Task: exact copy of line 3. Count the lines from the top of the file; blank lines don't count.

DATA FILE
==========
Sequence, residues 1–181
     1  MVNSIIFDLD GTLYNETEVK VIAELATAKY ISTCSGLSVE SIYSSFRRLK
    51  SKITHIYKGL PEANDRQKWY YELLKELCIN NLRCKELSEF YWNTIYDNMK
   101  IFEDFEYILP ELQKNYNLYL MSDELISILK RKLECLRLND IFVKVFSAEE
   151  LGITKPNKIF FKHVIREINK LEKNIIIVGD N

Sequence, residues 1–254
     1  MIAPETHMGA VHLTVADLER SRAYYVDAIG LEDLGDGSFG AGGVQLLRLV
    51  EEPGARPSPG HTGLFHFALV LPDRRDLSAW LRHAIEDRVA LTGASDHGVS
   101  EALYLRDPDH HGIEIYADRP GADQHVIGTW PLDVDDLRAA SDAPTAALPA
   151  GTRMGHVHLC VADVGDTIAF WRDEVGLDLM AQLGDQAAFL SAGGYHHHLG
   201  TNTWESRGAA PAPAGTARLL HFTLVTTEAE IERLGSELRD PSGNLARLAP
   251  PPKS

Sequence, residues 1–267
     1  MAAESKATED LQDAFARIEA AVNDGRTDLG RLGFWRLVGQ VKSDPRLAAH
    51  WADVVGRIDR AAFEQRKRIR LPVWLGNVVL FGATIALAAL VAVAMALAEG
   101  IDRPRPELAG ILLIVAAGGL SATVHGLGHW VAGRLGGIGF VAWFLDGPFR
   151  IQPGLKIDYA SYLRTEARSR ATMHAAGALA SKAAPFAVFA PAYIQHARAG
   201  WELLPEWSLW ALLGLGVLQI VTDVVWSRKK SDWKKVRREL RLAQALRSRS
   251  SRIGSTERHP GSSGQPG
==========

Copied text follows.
    51  SKITHIYKGL PEANDRQKWY YELLKELCIN NLRCKELSEF YWNTIYDNMK